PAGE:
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Menelaus and Helen

February 24, 2010

This 1909 poem by one of the Golden Boys of English myth, Rupert Brooke (1887 -1915), shocked me the first time I read it.  It is a contemplation on the tragedy of the relegated hero, a circumstance that eroded many of the survivors of Brooke’s doomed generation.

Rembrandt's Prophet Jeremiah mourning over the destrution of Jerusalem (detail of head)

Portrait of Helen of Troy, by Dante Gabriel Rossetti, 1863

Hot through Troy’s ruin Menelaus broke
To Priam’s palace, sword in hand, to sate
On that adulterous whore a ten years’ hate
And a king’s honour. Through red death, and smoke,
And cries, and then by quieter ways he strode,
Till the still innermost chamber fronted him.
He swung his sword, and crashed into the dim
Luxurious bower, flaming like a god.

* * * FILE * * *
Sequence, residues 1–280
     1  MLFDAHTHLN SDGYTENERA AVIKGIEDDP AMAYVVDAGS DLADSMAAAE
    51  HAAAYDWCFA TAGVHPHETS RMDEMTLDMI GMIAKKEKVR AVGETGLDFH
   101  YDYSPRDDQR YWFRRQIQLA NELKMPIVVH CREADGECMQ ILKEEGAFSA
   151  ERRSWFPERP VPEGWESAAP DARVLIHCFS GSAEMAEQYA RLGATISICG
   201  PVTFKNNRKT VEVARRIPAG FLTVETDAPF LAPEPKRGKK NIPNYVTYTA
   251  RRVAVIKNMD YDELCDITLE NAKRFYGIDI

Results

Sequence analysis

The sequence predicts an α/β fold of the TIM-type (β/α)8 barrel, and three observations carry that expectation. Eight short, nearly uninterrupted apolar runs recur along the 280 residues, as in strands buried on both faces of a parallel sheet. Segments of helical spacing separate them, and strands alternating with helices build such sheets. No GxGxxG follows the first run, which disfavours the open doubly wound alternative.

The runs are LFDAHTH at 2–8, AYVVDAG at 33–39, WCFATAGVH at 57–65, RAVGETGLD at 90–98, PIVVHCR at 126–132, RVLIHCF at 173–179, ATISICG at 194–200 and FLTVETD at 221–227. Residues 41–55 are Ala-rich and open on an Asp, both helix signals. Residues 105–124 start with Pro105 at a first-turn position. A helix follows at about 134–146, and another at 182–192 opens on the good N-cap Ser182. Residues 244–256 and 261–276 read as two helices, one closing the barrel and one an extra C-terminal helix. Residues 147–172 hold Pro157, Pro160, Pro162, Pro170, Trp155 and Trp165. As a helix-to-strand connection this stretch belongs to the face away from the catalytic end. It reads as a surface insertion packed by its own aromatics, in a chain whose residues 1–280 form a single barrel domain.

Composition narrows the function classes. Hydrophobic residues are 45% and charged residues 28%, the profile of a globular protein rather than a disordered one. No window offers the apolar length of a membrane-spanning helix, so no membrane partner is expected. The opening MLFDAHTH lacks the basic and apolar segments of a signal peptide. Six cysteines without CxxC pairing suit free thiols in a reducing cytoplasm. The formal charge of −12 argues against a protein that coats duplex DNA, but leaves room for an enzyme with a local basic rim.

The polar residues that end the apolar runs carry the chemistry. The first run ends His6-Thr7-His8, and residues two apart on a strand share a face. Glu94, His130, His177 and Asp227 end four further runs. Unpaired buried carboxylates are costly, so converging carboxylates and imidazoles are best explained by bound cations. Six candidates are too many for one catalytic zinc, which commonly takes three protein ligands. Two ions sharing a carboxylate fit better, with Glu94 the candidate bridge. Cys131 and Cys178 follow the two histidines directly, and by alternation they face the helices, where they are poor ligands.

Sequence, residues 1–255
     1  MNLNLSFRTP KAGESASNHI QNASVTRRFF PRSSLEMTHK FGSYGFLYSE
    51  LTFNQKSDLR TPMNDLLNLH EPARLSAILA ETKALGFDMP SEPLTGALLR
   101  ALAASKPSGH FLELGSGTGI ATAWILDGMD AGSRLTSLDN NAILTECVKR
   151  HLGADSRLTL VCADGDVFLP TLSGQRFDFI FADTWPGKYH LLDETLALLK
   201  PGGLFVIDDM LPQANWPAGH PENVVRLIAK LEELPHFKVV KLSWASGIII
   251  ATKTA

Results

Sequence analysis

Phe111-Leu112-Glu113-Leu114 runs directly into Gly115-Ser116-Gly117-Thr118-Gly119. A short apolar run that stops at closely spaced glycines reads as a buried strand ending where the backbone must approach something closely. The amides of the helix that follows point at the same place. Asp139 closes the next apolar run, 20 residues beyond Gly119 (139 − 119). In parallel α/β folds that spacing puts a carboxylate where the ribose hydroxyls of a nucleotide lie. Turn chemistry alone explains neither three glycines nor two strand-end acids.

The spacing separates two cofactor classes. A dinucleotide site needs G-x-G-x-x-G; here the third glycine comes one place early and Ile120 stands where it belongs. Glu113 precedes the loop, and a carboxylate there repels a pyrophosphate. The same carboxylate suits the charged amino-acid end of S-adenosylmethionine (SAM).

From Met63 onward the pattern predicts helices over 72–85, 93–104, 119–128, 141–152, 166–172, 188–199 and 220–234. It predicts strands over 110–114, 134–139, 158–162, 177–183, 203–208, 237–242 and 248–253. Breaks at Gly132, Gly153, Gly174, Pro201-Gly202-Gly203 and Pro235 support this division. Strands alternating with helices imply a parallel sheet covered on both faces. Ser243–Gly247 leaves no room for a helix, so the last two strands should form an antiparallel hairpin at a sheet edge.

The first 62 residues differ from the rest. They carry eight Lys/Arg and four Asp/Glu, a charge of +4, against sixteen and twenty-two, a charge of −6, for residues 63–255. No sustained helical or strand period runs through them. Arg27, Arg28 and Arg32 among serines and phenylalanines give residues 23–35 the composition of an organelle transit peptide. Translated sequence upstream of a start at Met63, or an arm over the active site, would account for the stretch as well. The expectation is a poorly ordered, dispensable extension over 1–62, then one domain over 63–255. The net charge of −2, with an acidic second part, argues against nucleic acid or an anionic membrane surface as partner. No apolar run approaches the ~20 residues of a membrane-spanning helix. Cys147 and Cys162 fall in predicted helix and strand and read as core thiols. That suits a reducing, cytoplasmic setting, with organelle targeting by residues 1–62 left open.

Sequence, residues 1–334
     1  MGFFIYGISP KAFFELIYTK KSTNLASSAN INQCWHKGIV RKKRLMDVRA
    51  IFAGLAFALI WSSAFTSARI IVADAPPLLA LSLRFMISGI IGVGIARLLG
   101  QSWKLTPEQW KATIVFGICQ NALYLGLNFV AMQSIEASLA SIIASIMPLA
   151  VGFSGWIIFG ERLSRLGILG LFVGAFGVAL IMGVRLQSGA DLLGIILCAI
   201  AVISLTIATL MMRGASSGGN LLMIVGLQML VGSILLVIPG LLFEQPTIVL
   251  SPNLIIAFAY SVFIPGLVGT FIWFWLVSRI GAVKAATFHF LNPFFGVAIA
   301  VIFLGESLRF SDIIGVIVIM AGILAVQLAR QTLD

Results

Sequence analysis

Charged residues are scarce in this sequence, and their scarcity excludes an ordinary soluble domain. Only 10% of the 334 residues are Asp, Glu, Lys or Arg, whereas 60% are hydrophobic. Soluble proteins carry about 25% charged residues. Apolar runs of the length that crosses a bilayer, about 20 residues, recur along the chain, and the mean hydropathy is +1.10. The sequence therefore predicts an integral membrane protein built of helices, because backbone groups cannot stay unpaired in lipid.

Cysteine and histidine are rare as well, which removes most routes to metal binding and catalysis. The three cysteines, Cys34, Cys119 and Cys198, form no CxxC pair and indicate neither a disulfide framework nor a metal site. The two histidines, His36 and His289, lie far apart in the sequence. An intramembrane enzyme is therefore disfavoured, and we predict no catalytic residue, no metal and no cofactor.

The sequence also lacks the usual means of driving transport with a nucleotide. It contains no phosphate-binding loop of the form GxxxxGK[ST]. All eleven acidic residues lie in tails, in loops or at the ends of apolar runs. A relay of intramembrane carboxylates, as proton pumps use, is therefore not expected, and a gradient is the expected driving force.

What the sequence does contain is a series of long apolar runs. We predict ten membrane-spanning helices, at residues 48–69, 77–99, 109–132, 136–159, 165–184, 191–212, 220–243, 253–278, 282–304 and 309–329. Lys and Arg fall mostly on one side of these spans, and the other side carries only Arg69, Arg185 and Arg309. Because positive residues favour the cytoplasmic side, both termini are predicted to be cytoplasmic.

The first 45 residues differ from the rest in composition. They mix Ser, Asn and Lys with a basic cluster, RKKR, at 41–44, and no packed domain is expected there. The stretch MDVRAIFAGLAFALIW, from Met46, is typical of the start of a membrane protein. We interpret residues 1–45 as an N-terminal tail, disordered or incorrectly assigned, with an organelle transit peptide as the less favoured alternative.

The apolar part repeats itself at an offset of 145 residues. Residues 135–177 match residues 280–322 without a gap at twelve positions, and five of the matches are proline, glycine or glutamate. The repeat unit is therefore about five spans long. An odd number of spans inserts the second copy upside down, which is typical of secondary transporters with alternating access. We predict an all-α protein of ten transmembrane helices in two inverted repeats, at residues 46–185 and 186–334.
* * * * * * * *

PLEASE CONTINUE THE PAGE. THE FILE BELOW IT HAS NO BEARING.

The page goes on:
High sat white Helen, lonely and serene.
He had not remembered that she was so fair,
And that her neck curved down in such a way;
And he felt tired. He flung the sword away,
And kissed her feet, and knelt before her there,
The perfect Knight before the perfect Queen.

Marble statue detail of Menelaus, Loggia dei Lanzi, Florence

II
So far the poet. How should he behold
That journey home, the long connubial years?
He does not tell you how white Helen bears
Child on legitimate child, becomes a scold,
Haggard with virtue. Menelaus bold
Waxed garrulous, and sacked a hundred Troys
‘Twixt noon and supper. And her golden voice
Got shrill as he grew deafer. And both were old.

Often he wonders why on earth he went
Troyward, or why poor Paris ever came.
Oft she weeps, gummy-eyed and impotent;
Her dry shanks twitch at Paris’ mumbled name.
So Menelaus nagged; and Helen cried;
And Paris slept on by Scamander side.


Rembrandt's Mother in old age

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